Inspired by the 1980s hit musical ‘Starlight Express’, this performance / event re-enacts the history of public transport provision in Greater Manchester from the post-war period to the present day… on roller skates!

In November 2018, Harrison was commissioned by Manchester Art Gallery to produce a new work as part of their summer exhibition about crowds and protest marking the bicentenary of the Peterloo Massacre: Get Together & Get Things Done (17 May – 29 September 2019).

Through her campaigning work with Bring Back British Rail and Get Glasgow Moving, Harrison was aware of the new Better Buses for Greater Manchester campaign, (funded by the Foundation for Integrated Transport) which had been launched by We Own It in September 2018. As a further exploration of the relationship between art and activism, she chose to utilise the commission which had been offered to her as an artist to create awareness and support for the local campaign. Firstly by using her space within the exhibition itself to screen The Fight for Greater Manchester’s Buses – the new film by the Association of British Commuters about the campaign (pictured below). And secondly, by devising a celebratory piece of agitprop making the case for re-regulating Greater Manchester’s buses which would be staged in the gallery as the closing celebration of the exhibition – an upbeat and optimistic attempt to synthesise her art and activism.

Bus Regulation: The Musical was inspired by the 1980s hit musical ‘Starlight Express‘, which Harrison remembered seeing in London as a small child. Just as Andrew Lloyd Webber’s famous musical uses performers on roller skates to portray trains, Harrison decided to work with local roller derby skaters to re-tell the history of Greater Manchester’s buses. The Musical was researched during two short residential visits to Manchester on 22 – 23 May and 14 – 19 July 2019, whilst Harrison was completing her book The Glasgow Effect: A Tale of Class, Capitalism & Carbon Footprint (the third part of which contains much of this research into the history of regional public transport networks). Harrison made two trips to the archives at the Museum of Transport Greater Manchester and then developed and produced the script and costumes back in Glasgow in August and September 2019.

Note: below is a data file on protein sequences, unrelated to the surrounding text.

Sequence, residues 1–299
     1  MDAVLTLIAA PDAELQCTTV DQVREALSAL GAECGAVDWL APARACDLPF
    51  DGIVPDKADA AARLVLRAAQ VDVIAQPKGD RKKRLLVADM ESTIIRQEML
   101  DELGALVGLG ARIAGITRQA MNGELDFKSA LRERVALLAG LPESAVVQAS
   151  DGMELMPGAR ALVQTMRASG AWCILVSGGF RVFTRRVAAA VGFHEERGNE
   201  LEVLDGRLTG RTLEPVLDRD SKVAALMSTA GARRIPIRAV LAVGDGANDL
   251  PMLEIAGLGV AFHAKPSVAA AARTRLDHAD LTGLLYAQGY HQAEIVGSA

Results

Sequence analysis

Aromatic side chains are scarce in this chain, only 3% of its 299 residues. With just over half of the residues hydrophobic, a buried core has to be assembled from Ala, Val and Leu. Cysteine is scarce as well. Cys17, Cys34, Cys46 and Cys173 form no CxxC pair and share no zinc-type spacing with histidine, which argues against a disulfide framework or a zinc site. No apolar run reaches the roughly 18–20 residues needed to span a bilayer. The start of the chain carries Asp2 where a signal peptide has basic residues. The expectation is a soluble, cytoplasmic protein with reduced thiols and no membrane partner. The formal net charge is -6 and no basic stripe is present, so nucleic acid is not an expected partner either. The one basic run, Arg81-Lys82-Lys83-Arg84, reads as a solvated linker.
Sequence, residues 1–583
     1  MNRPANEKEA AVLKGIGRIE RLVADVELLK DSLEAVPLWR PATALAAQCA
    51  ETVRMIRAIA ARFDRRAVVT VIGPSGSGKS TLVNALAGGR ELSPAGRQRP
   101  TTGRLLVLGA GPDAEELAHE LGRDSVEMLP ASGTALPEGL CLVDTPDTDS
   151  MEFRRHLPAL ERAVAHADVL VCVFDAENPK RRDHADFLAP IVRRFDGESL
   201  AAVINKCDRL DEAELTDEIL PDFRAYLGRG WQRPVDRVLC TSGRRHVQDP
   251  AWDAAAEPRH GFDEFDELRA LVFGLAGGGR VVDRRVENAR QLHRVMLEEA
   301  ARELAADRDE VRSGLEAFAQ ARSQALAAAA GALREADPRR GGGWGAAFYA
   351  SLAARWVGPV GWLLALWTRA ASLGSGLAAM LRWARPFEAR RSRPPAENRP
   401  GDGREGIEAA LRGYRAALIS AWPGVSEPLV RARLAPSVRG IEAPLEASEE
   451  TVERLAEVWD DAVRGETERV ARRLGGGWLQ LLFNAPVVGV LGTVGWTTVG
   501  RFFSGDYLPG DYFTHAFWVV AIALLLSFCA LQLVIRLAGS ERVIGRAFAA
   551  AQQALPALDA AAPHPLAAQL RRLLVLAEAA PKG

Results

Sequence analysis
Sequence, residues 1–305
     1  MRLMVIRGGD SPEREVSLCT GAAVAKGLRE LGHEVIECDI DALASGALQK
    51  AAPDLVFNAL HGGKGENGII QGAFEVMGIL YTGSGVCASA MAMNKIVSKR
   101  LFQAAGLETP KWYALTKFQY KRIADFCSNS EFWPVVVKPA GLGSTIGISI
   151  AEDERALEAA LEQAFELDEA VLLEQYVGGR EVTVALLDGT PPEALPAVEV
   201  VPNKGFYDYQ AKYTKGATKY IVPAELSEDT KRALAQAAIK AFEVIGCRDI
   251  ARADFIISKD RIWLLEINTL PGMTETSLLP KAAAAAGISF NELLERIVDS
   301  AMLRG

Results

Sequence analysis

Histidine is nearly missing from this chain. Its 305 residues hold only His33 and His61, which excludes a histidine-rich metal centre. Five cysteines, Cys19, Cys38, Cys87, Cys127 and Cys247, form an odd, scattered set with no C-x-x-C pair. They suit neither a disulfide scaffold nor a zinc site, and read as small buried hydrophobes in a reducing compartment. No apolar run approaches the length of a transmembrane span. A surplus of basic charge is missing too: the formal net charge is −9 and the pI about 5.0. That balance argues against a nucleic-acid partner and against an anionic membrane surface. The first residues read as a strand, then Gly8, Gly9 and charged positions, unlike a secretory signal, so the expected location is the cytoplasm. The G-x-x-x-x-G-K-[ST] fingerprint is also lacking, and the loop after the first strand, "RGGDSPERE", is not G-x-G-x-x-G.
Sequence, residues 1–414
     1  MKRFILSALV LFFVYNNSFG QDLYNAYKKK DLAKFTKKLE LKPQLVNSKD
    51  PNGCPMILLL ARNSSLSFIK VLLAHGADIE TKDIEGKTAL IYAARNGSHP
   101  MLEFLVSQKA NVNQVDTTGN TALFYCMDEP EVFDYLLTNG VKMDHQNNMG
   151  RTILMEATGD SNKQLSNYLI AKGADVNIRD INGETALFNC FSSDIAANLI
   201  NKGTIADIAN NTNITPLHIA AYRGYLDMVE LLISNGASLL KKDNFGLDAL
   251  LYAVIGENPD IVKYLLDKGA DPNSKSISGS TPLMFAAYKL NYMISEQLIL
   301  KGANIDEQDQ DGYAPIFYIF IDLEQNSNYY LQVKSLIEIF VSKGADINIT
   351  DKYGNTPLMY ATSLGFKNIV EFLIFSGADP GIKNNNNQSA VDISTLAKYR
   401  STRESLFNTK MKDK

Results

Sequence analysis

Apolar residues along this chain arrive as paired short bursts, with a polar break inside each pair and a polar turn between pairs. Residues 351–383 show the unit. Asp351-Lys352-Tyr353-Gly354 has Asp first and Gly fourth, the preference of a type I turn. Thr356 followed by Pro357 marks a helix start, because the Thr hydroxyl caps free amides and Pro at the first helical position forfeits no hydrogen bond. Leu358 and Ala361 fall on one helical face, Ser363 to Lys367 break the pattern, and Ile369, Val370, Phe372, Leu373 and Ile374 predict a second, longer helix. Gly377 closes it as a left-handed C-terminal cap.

The event was staged at Manchester Art Gallery on Saturday 28 September 2019 as the closing celebration of Get Together & Get Things Done. It starred Summer Dean (from the Association of British Commuters) as Barbara Castle (the only female Transport Secretary of the 20th Century) and featured skaters from Arcadia Roller Derby: Tori Baron, Laurelle De-Gisi, Alice Green, Kirsty Gravestock, Cat Hughes, Charlotte O’Prey and Phoebe Queen, and Steve Long from Manchester Rollerball, with music by Andrew Lloyd Webber.

Bus Regulation: The Musical received much media interest, including features on BBC Radio 4’s You & Yours, BBC North West Today, The Guardian, CityMetric, East of the M60 and Coach & Bus Week. The short film documenting the event by Jen O’Brien and Martin Allison (above) was then released on Facebook and Twitter. It helped to create greater awareness and support for the Mayor of Greater Manchester’s proposal to re-regulate the region’s entire bus network (utilising ‘franchising’ powers in the Bus Services Act 2017), which, when realised in 2025, will set a precedent for other cities around the UK to follow suit.

Following the success of the Greater Manchester Musical in 2019, Harrison went on to create Strathclyde and Merseyside versions of the Musical in 2022 as part of an ambitious Trilogy exploring the relationship between public transport policy and population health in these three post-industrial city regions. On completion of her Musical Trilogy, Harrison was awarded the University of Dundee’s ‘Engaged Researcher of the Year’ award at the 2023 Stephen Fry Public Engagement Awards.


Photo: Andrew Brooks